The 8 Themes of IASME Cyber Baseline – Assets

Apr 16, 2024 | IASME Cyber Baseline

What is this theme about? 

An asset is a resource or an item of property that is owned or controlled by your organisation and has a value. In order for you to apply the Cyber Baseline controls, it is important you understand what assets you have.

Business assets can include:

  • information or data

      • customer details

      • mailing lists

      • billing and payroll

      • reports

      • emails

      • intellectual property etc

  • hardware

      • laptops and computers

      • thin clients

      • servers

      • mobile phone

      • tablets

      • firewalls

      • routers

Please note, personal devices used by staff for business purposes -often known as “Bring Your Own Device” or BYOD, must be included in the asset register.

  • Software

      • Operating Systems such as Windows, macOS, IOS, Android, Linux

      • Commercial applications and other software programs such as, internet browsers, anti-malware, office applications, accounts packages etc

      • Commercial extensions and plugins for software e.g., to add features to email clients or internet browsers

      • Server software including operating systems, virtualisation software (hypervisors), virtual desktop software, email software, databases etc

Cloud services are third party services (these are covered in theme 1, Organisation) but they are also important assets because they contain or interact with organisational data and services.

  • Cloud services are located on servers elsewhere and accessed via an internet connection.  They can include:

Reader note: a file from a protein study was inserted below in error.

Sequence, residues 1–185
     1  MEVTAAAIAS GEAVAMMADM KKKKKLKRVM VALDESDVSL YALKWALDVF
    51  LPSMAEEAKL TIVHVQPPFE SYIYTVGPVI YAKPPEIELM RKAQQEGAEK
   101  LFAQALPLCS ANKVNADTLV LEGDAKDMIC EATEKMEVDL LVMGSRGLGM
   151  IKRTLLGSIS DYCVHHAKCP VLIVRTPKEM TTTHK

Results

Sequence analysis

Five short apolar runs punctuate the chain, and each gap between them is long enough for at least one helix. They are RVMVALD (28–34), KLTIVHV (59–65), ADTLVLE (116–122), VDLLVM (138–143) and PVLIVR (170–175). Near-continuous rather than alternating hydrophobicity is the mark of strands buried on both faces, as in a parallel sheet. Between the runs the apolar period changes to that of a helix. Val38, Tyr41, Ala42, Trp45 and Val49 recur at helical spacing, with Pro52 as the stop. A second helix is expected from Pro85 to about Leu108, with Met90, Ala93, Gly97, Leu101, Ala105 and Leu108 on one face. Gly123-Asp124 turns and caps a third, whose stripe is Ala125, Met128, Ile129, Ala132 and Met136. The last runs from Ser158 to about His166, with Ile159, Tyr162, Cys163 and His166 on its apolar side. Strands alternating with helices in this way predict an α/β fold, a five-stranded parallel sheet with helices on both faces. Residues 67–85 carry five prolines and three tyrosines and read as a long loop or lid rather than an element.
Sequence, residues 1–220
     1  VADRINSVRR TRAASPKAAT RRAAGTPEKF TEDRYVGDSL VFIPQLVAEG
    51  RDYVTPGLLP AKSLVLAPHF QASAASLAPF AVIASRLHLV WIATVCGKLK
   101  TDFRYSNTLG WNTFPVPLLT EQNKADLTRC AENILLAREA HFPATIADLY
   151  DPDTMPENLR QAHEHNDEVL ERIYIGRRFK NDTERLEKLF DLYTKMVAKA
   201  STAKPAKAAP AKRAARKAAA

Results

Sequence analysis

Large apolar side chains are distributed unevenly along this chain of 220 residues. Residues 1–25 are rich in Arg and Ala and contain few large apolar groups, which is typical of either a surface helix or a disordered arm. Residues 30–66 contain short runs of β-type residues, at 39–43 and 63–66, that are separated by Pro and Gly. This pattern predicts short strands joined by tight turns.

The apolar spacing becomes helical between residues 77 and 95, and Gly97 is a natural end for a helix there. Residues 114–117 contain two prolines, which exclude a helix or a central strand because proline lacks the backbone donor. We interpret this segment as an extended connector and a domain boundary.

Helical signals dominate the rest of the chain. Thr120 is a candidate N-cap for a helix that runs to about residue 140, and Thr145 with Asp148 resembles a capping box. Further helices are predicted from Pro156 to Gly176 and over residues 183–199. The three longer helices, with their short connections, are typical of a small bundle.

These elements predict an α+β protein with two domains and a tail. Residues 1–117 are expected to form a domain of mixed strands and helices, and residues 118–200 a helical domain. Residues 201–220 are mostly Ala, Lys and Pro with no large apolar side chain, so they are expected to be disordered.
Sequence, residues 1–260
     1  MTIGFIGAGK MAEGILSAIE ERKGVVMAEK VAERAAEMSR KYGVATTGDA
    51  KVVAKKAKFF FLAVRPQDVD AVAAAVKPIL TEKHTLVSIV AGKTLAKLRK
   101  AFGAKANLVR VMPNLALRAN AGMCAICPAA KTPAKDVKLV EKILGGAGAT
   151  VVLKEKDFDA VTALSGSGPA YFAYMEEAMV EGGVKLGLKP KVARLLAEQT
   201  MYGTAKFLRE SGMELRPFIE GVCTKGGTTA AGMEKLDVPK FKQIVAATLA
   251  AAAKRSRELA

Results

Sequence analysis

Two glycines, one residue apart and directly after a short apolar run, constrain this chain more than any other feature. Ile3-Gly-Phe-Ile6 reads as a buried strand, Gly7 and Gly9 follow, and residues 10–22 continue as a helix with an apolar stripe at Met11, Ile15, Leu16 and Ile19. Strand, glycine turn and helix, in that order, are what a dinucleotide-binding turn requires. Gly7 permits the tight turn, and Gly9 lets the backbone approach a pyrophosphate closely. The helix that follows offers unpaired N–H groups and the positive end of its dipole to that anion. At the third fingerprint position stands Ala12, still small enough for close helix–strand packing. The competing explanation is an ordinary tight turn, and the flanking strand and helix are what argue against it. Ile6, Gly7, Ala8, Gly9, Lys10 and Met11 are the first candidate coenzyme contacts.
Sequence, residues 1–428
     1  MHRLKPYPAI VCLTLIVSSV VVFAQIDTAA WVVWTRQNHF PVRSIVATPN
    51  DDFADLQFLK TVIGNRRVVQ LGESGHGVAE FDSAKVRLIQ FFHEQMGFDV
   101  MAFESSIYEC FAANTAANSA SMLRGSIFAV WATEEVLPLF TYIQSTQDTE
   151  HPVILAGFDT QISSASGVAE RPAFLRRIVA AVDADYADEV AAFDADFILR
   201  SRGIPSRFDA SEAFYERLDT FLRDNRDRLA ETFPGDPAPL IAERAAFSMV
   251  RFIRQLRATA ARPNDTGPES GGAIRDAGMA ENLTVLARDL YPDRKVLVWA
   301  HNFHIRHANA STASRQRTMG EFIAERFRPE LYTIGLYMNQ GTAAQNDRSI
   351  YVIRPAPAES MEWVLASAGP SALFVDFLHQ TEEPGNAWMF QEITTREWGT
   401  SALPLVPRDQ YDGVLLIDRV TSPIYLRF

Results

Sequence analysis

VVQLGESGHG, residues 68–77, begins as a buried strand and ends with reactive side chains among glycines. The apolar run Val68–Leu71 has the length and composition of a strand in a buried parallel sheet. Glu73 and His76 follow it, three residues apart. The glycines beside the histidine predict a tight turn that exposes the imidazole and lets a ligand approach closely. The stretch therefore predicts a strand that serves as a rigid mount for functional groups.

• storage and software solutions

      • development platforms

      • IT infrastructure

An asset register is a document or series of documents that lists what you have, where it is and who is in charge of it.

IASME can provide an asset register template that can be adapted for most organisations.

It is recommended that you take these steps:

  • Keep an up-to-date asset register of your devices used to create, read, store and process data.

  • Maintain a software inventory and implement this as an *approved list of software that can be installed on your devices.

  • By understanding what software you use, it will help you understand when it becomes *unsupported and no longer receiving security updates.


What is an ‘approved list’? 

 An ‘approved list’ is a list of software that is identified as necessary and appropriate for use within the organisation and is approved to be installed on your devices. You can achieve this with a technical solution or maintain a documented software asset register.

*What does supported or unsupported software mean?

 All software contains errors -often called, ‘vulnerabilities’ which cyber criminals can potentially use as openings to access data. Within a piece of software’s functioning life span, as soon as an error or ‘vulnerability’ is discovered, the manufacturer creates some additional code to correct the error. This is known as ‘patching’. All modern software will need to ‘update’ on a regular basis as part of its maintenance.  This ‘support’ ensures that all critical and high updates are installed within 14 days of the update being made available by the software vendor. When software gets to a certain age, the manufacturer will cease to create and send out patches. At this point, the software is classed as no longer supported or ‘end of life’ (EOL). It is no longer secure to use and not compliant for Cyber Baseline.